Ravi, who is in her early 20s, was arrested on charges relating to her role in disseminating a toolkit that provided a list of ways supporters could help Indian farmers’ months-long protest against new laws that change how the country’s agricultural industry operates.
Ravi has since been granted bail.
“In all the years that someone had asked me where I see myself in 5 years, I would have never answered ‘jail’ but here I was,” she wrote, in a statement posted on Twitter. “Locked in my cell I wondered when it became a crime to think the most basic elements of sustenance on this planet were as much mine as theirs.”
Ravi’s arrest provoked outrage from high-profile figures including author Meena Harris, the niece of US Vice President Kamala Harris, and many Indian politicians, who accused authorities of trying to intimidate and muzzle a young woman for speaking her mind.
The toolkit, which was unsigned and publicly available on an encrypted sharing site, instructed people to call government representatives, share solidarity hashtags on social media, participate in rallies and sign petitions. It gained visibility after Swedish climate activist Greta Thunberg tweeted a link to it on February 4, crediting “people on the ground in India.”
However, its release appeared to anger Indian authorities. The same day as Thunbgerg’s tweet, Delhi police announced they would investigate the toolkit’s creators and would look to charge them with sedition, provoking or inciting a riot and criminal conspiracy because it called for followers to “wage economic, social, cultural and regional war against India.”
Police in New Delhi argued the toolkit’s main purpose to “misinformation and disaffection against the lawfully elected government.” Authorities accused Ravi, whose grandparents are farmers, of helping to author the document, which was unsigned and made publicly available on an encrypted sharing site.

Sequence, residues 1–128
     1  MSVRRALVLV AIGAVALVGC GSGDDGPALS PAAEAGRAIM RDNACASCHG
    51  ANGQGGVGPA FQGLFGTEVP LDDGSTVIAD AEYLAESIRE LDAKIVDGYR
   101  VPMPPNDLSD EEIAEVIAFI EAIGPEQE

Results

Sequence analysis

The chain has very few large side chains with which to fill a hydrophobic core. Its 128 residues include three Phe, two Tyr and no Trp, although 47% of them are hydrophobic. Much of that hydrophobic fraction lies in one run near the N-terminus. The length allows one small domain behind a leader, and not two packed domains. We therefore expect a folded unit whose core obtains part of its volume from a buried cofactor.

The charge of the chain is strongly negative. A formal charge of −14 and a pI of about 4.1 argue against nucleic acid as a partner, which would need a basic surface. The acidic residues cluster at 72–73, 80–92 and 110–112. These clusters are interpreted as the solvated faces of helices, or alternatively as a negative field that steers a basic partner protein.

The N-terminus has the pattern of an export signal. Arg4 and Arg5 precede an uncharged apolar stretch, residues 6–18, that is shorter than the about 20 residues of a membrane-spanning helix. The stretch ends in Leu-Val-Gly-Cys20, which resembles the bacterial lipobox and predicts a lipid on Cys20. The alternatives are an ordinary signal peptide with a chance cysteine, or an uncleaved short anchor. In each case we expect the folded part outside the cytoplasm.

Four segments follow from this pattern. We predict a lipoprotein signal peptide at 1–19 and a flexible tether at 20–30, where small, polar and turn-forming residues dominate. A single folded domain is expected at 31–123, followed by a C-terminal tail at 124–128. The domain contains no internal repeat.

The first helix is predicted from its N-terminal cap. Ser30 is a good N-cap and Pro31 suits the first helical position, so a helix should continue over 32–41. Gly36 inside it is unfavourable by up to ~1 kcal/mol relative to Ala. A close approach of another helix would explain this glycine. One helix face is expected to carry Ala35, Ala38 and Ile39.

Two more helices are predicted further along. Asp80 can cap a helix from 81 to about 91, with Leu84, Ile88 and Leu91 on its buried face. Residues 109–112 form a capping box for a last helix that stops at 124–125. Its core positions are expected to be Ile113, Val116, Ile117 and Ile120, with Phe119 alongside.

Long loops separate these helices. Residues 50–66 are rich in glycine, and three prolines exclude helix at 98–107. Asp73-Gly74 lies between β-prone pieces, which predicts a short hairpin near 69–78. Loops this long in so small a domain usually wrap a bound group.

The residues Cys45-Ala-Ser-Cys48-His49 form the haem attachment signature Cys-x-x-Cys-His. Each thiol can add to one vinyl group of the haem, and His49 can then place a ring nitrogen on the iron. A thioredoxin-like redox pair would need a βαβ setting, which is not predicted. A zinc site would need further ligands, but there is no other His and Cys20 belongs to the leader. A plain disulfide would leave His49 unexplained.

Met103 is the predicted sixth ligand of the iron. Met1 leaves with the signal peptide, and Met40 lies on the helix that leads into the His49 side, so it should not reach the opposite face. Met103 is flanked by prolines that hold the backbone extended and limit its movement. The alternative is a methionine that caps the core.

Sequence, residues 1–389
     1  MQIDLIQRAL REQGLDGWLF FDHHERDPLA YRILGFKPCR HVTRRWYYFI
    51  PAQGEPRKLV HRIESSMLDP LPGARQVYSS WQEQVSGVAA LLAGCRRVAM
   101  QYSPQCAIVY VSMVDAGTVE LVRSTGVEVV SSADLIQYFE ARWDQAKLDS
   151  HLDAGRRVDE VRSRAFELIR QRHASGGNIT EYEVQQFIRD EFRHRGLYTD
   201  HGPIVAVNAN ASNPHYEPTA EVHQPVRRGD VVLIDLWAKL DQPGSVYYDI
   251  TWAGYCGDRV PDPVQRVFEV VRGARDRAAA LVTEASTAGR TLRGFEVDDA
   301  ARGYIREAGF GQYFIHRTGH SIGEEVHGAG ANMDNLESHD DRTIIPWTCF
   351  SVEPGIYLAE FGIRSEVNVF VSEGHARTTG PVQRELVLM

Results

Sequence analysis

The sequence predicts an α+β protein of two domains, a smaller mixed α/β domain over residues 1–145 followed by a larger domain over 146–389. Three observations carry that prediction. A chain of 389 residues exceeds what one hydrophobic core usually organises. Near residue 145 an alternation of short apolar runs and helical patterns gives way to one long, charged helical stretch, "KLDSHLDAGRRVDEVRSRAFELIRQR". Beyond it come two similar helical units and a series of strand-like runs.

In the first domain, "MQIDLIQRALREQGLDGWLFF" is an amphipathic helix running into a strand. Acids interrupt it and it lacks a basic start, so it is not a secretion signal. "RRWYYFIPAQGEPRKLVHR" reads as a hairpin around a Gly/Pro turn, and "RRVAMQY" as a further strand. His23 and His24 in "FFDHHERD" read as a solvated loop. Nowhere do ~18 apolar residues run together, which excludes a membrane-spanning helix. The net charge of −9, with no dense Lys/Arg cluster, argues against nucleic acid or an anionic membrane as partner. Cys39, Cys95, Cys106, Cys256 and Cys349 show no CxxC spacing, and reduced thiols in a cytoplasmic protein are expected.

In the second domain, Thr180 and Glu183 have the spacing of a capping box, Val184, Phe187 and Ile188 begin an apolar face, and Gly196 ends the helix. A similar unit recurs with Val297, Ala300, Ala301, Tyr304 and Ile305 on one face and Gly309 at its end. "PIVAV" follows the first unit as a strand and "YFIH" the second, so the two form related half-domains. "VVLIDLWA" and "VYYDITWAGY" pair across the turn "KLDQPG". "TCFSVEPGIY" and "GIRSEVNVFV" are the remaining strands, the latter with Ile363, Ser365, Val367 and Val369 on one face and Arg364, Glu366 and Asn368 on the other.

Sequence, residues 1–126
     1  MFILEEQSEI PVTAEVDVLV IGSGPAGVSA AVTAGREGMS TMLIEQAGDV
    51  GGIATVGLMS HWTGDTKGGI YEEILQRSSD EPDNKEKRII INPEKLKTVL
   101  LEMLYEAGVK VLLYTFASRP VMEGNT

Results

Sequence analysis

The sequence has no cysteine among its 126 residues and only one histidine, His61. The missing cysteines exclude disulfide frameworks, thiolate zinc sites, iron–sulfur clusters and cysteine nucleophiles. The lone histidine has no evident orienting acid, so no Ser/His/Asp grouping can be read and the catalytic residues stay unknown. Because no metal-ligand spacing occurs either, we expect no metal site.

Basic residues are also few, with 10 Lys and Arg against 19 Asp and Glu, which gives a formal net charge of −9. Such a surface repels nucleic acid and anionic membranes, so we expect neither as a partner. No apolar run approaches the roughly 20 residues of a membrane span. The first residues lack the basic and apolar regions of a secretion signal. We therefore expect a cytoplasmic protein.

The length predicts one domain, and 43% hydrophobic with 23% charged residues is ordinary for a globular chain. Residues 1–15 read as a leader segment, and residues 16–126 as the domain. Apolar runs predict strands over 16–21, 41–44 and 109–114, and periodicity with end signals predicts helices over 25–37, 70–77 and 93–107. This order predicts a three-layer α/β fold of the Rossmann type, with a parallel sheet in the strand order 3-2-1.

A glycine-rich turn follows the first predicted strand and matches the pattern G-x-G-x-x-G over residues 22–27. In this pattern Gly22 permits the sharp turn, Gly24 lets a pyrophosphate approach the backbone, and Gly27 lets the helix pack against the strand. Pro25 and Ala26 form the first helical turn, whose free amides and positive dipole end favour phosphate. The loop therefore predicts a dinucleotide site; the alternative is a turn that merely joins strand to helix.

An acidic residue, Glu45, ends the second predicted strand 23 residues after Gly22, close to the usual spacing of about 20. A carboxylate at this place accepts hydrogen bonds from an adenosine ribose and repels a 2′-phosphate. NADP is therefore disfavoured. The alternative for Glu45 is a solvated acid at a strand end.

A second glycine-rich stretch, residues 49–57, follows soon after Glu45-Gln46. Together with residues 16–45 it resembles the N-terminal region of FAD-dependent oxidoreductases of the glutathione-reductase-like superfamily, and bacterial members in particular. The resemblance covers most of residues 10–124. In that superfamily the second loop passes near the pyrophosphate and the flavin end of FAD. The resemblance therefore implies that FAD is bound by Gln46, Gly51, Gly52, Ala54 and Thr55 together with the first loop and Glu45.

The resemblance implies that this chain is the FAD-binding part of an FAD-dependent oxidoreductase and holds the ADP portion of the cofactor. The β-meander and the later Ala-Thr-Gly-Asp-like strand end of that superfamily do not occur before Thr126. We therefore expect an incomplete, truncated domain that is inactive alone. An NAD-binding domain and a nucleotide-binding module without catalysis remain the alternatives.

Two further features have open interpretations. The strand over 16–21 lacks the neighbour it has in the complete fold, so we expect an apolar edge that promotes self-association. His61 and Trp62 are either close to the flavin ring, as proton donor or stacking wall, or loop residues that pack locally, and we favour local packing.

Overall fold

As Ravi’s case makes its way through India’s legal system, farmers continue to protest the laws, which many believe will cost them their livelihoods.
Historically, Indian farmers have sold their goods at auction at their state’s Agricultural Produce Market Committee, where sellers were guaranteed to receive at least the government-agreed minimum price. There were restrictions on who could buy, and prices were capped for essential commodities.
The new laws dismantled that system, instead allowing farmers to sell their goods to anyone for any price.
Prime Minister Narendra Modi, long a proponent of free market reforms, has argued the new legislation will allow farmers sell directly to buyers or other states without a middle man.
But many farmers say the changes will allow big companies to drive down prices. While farmers could sell crops at higher prices if the demand is there, many worry they could struggle to meet the minimum price in years when there is too much supply.
Indian climate campaigner Disha Ravi revealed she never imagined her activism would see her jailed in her first statement since her controversial arrest and detention last month.